On a chilly evening, a bowl of flavorful, cooked greens comforts me like a fleece blanket.
Although kale and swiss chard seem to be served the most often, I actually enjoy the flavors of beet and dandelion greens the most.
The stems are perfectly edible and delicious. Chop the stems thinly, depending on their tenderness. Even tough, thick stems will become tender after cooking.
I prefer to blanch most greens before a saute to give them a nice texture and preserve their color.
On several occasions, I have found fresh kale at Sydney’s Health Market. I bought this gigantic bunch of organic dandelion greens during my first romp through the wacky world of Fargo’s Cash Wise.
The slight bitterness from the greens, tartness of the lemon, sweetness of the caramelized onions and mirin, umami saltiness of miso paste, and gentle heat from the chili create a balanced bowl of greens.
Jeni’s Favorite Dandelion Greens
Ghee, butter, or both
Onion, thinly sliced (I used half an onion for half a large bunch of greens)
1/2-1 Fresno chili, thinly sliced
Miso paste (I used white)
1 clove of garlic, thinly sliced
Bring a pot of water to boil.
Wash the dandelion greens and cut into manageable pieces. Cut the tougher stem into smaller pieces.
Once the water boils, add sea salt.
Blanche your dandelion stems and greens in the boiling water for a couple minutes, adding the stems first. Quickly shock them in ice water until cooled. Squeeze out most of the water, and set aside.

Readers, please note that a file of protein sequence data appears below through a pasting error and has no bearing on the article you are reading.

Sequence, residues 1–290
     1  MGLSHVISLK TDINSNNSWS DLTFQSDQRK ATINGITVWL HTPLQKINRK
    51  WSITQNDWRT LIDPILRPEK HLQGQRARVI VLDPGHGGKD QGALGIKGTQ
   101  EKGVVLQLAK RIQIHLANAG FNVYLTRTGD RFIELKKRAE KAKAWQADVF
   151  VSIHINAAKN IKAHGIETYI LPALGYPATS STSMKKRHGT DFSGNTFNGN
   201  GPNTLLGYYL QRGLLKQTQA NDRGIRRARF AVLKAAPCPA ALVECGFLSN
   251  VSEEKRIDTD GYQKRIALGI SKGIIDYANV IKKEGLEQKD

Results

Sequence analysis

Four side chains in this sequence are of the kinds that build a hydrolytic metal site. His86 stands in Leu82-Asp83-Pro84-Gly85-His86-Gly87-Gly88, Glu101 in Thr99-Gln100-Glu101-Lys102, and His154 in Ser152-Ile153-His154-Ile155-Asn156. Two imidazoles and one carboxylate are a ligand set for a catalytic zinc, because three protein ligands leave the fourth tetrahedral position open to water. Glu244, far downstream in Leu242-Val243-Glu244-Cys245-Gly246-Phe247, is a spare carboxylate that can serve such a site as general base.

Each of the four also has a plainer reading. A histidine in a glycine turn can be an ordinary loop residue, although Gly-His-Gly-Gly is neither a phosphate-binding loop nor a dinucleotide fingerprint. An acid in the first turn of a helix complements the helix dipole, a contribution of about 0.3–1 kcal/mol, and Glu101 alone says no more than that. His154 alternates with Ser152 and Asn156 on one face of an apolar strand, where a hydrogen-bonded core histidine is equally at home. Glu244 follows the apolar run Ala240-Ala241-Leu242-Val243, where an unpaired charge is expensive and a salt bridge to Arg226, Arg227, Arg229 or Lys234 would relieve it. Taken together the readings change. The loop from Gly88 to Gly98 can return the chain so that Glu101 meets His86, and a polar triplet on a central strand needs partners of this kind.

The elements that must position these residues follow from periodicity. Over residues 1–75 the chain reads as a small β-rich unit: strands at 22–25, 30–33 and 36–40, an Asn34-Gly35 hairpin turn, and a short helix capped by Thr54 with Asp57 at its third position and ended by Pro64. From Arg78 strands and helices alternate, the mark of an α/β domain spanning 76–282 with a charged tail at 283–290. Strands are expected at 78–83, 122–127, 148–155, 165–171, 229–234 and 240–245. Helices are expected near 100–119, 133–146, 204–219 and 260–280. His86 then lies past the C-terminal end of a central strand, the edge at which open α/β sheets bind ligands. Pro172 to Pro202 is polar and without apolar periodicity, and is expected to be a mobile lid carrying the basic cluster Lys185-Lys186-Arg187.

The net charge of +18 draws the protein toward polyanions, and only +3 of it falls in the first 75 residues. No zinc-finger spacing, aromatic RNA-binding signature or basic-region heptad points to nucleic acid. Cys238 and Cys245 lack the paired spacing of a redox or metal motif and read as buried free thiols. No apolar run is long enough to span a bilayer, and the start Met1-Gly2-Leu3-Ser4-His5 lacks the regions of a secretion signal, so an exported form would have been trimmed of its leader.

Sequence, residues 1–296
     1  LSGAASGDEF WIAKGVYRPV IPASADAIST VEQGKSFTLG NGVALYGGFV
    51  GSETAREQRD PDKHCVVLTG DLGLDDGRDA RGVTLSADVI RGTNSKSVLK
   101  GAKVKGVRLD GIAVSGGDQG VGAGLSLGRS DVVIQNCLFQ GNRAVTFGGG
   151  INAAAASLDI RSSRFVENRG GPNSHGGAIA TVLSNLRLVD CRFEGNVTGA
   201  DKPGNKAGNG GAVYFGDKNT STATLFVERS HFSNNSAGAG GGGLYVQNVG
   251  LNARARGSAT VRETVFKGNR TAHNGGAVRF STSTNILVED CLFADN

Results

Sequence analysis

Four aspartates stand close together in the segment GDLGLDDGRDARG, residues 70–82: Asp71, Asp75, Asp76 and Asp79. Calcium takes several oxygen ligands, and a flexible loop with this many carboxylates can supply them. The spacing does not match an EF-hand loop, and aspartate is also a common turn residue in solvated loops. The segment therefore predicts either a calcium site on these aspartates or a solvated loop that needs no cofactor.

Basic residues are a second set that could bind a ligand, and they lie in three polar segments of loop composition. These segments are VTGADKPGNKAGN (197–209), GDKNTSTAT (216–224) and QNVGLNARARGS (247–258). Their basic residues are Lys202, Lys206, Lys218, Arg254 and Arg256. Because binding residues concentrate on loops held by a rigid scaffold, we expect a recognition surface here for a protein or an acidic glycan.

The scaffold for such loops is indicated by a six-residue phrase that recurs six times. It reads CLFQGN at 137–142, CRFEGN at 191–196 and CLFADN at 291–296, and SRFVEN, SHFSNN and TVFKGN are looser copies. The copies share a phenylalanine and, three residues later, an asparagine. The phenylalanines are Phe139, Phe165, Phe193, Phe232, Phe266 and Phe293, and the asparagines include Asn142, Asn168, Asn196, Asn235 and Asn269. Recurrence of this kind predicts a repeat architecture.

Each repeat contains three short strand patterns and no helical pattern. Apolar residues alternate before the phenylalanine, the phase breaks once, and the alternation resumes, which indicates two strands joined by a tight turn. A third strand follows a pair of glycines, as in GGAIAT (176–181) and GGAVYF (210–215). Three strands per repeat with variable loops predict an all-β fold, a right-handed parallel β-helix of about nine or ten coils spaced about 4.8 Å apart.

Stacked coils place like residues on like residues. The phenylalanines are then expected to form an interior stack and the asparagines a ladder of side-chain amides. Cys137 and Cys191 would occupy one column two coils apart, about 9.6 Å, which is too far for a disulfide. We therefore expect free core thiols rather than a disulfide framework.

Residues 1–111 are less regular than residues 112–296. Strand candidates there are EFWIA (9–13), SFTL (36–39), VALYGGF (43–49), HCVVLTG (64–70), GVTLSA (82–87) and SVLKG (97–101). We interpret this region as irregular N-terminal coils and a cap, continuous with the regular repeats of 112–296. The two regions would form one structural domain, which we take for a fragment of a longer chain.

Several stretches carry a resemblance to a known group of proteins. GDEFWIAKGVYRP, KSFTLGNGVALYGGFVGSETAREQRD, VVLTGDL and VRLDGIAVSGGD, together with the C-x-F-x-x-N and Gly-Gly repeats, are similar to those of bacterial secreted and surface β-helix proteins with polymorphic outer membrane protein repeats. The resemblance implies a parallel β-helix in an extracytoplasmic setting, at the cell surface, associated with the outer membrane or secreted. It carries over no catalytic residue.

In a pan over medium heat, caramelize your sliced onions in ghee and olive oil, adding a little sea salt and sugar.
Add the sliced hot pepper and stir for a few minutes. Then, add the sliced garlic and stir until fragrant, but not browned.
Add the blanched dandelion stems and greens to your pan and stir, breaking them up with your spoon.
Add a couple dashes of mirin, miso paste, fresh lemon juice, and black pepper, all to taste. Stir until incorporated.
For half of a large bunch of dandelion greens, I added about 1.5 teaspoons of miso paste and the juice from not quite half a lemon. Taste and season to your taste. I happen to like a lot of lemon.
This method would work with other greens. You could also flavor them with other acids such as vinegars, salty elements such as tamari, and even bacon.